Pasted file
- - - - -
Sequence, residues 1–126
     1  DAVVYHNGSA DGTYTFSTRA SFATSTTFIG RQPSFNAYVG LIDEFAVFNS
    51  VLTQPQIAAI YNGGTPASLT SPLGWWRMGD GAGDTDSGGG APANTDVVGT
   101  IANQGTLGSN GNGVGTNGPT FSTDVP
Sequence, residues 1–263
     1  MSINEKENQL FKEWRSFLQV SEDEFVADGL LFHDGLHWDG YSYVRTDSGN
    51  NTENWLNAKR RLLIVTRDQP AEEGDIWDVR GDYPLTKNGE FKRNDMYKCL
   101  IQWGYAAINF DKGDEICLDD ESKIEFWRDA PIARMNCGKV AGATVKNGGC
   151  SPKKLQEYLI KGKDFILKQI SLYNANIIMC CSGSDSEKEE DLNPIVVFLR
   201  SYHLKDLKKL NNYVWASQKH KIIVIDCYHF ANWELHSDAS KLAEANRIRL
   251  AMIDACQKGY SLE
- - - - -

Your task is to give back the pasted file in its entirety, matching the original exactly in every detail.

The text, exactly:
Sequence, residues 1–126
     1  DAVVYHNGSA DGTYTFSTRA SFATSTTFIG RQPSFNAYVG LIDEFAVFNS
    51  VLTQPQIAAI YNGGTPASLT SPLGWWRMGD GAGDTDSGGG APANTDVVGT
   101  IANQGTLGSN GNGVGTNGPT FSTDVP
Sequence, residues 1–263
     1  MSINEKENQL FKEWRSFLQV SEDEFVADGL LFHDGLHWDG YSYVRTDSGN
    51  NTENWLNAKR RLLIVTRDQP AEEGDIWDVR GDYPLTKNGE FKRNDMYKCL
   101  IQWGYAAINF DKGDEICLDD ESKIEFWRDA PIARMNCGKV AGATVKNGGC
   151  SPKKLQEYLI KGKDFILKQI SLYNANIIMC CSGSDSEKEE DLNPIVVFLR
   201  SYHLKDLKKL NNYVWASQKH KIIVIDCYHF ANWELHSDAS KLAEANRIRL
   251  AMIDACQKGY SLE